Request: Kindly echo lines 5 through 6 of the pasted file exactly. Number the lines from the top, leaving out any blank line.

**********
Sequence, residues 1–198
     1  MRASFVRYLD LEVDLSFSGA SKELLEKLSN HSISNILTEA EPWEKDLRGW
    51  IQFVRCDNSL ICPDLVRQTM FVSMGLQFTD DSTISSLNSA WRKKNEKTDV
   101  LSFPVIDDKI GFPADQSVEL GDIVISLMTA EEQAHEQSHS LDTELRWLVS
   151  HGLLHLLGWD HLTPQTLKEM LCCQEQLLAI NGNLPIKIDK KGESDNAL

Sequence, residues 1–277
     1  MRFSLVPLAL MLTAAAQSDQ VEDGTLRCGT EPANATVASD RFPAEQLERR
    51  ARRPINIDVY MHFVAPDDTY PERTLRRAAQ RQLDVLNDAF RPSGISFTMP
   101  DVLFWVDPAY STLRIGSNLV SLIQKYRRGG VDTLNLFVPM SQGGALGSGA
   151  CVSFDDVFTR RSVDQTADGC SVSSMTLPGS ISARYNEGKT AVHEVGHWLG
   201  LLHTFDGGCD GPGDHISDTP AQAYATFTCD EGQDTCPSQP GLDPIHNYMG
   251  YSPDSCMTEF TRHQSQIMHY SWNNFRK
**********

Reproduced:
   151  HGLLHLLGWD HLTPQTLKEM LCCQEQLLAI NGNLPIKIDK KGESDNAL

Sequence, residues 1–277